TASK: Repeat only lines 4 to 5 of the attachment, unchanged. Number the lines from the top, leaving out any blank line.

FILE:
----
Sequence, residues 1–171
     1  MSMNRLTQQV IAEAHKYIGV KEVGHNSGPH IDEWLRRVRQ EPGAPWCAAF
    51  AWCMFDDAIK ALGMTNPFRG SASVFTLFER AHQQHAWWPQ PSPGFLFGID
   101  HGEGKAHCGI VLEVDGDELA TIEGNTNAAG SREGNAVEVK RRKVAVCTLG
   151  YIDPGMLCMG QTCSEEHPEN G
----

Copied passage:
   101  HGEGKAHCGI VLEVDGDELA TIEGNTNAAG SREGNAVEVK RRKVAVCTLG
   151  YIDPGMLCMG QTCSEEHPEN G